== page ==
Boeing faces a slew of investigations by regulators, U.S. Congress, and the Department of Justice over its development of the 737 MAX, its previously best-selling workhorse for short-haul travel.
Boeing last month settled the first claims stemming from the Lion Air crash, a U.S. plaintiffs’ lawyer said.
Three other sources told Reuters that families of those killed would receive at least $1.2 million each.
The manufacturer is separately facing around 100 lawsuits over the Ethiopian Airlines crash on March 10 which killed all 157 people on board the flight from Addis Ababa to Nairobi.
Indonesia has offered to aid Ethiopian authorities in their investigation into that crash but to date there has been no response, said Soerjanto, the head of Indonesia’s accident investigator.
Boeing CEO Dennis Muilenburg said this week the company was making “daily” progress on testing the final software fix for the 737 MAX and developing related training materials. The FAA has said it would need at least several more weeks for review.
The Indonesia report said that Boeing’s safety assessment assumed pilots would respond within three seconds of a system malfunction but on the accident flight and one that experienced the same problem the previous evening, it took both crews about eight seconds to respond.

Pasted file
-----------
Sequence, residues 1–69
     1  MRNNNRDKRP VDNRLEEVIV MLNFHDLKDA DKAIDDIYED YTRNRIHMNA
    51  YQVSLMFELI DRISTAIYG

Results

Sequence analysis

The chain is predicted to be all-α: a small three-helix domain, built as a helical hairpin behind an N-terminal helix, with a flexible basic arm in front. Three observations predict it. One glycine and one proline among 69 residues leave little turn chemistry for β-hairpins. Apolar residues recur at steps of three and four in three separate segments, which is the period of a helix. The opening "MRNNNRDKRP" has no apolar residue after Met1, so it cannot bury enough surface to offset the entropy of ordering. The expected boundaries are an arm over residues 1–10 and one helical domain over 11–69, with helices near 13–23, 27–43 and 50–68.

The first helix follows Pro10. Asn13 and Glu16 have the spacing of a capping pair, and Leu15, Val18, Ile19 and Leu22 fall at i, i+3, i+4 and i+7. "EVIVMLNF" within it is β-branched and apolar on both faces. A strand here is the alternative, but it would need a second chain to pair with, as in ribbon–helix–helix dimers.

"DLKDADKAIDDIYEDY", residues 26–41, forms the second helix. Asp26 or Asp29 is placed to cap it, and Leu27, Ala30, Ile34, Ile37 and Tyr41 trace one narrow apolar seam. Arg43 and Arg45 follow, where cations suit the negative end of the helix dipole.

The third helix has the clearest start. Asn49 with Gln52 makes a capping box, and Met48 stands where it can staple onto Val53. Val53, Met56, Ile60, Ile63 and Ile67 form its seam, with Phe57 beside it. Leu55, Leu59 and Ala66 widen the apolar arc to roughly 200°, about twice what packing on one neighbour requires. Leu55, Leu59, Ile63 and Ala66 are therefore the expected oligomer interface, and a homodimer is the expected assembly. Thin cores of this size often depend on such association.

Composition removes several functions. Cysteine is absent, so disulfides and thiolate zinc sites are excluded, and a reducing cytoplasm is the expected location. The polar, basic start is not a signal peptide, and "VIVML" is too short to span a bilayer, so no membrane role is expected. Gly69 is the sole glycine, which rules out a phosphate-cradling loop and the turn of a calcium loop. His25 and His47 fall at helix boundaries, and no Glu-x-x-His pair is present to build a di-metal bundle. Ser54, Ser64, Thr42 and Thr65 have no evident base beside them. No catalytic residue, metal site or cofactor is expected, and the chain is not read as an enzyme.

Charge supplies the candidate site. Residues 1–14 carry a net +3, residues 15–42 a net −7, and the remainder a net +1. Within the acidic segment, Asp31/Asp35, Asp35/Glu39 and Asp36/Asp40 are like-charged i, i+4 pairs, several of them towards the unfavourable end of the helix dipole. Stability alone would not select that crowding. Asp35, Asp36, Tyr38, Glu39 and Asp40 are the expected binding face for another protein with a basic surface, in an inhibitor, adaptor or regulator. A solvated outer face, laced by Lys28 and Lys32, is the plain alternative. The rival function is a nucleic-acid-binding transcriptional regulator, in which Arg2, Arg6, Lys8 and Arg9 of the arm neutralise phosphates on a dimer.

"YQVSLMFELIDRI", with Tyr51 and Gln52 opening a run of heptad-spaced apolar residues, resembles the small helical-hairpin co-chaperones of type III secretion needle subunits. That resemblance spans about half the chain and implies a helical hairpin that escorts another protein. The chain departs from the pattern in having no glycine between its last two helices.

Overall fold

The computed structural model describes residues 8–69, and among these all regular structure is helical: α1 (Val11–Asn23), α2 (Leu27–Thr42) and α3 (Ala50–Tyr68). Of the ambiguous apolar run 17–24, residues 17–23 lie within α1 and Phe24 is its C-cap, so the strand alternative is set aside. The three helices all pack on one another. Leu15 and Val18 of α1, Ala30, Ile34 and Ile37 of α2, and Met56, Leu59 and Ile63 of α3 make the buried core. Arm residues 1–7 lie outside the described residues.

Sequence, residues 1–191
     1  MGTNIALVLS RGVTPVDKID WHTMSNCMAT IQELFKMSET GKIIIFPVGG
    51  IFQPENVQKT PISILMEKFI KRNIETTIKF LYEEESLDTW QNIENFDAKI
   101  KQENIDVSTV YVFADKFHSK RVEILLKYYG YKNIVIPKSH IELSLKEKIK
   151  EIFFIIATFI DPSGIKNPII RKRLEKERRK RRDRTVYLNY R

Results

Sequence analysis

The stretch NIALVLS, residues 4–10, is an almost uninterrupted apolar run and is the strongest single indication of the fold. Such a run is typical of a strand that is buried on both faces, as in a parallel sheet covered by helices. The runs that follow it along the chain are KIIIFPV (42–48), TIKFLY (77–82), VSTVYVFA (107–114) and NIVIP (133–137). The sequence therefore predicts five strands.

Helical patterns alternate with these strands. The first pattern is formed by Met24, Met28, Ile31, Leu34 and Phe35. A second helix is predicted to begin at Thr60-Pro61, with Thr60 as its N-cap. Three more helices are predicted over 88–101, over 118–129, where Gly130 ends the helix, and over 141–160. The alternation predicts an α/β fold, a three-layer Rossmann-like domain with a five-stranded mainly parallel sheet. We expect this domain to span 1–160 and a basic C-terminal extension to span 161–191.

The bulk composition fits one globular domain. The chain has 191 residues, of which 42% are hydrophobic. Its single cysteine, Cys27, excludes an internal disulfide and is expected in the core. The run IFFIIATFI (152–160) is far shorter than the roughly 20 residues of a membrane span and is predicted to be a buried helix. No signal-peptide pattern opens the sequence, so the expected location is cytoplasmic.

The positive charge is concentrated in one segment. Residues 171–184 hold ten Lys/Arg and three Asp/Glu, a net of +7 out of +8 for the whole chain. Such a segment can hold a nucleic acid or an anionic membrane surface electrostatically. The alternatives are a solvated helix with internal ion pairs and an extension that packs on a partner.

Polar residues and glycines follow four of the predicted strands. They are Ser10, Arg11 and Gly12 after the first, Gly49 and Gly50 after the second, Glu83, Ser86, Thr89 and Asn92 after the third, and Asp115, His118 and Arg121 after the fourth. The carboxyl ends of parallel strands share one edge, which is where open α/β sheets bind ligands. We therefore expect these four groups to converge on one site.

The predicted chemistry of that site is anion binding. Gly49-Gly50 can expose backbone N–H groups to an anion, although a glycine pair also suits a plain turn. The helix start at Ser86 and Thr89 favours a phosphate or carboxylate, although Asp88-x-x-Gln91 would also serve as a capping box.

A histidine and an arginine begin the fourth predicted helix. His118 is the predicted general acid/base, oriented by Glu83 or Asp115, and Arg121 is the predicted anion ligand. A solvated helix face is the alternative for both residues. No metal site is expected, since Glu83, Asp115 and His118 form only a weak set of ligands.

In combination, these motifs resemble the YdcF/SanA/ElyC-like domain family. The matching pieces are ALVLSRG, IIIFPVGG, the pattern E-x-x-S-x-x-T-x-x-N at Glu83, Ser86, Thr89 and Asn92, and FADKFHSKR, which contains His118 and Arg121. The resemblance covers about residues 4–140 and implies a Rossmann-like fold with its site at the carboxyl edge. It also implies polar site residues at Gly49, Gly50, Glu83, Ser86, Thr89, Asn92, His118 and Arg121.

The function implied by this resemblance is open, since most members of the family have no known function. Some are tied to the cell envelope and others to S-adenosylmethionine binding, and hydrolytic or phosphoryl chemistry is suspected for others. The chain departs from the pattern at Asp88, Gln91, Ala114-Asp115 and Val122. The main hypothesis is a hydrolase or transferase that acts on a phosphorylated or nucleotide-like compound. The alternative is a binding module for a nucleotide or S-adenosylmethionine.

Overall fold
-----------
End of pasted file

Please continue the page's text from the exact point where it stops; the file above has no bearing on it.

It called for the systems to be designed not just for highly skilled test pilots but also for regular commercial airline pilots.
The FAA had delegated increasing authority to Boeing to certify the safety of its own aircraft, Indonesian investigators said in the report, recommending that all certification processes received adequate oversight.
A panel of international air safety regulators this month also faulted Boeing for assumptions it made in designing the 737 MAX and found areas where Boeing could improve processes. (Reporting by Jamie Freed in Singapore and Tracy Rucinski in Chicago; additional reporting by Bernadette Christina Munthe and Jessica Damiana in Jakarta, Tim Hepher in Paris, David Shepardson in Washington and Bhargav Acharya in Bengaluru and Allison Lampert in Montreal; writing by Jamie Freed; editing by Edwina Gibbs, Jason Neely, Franklin Paul and Cynthia Osterman)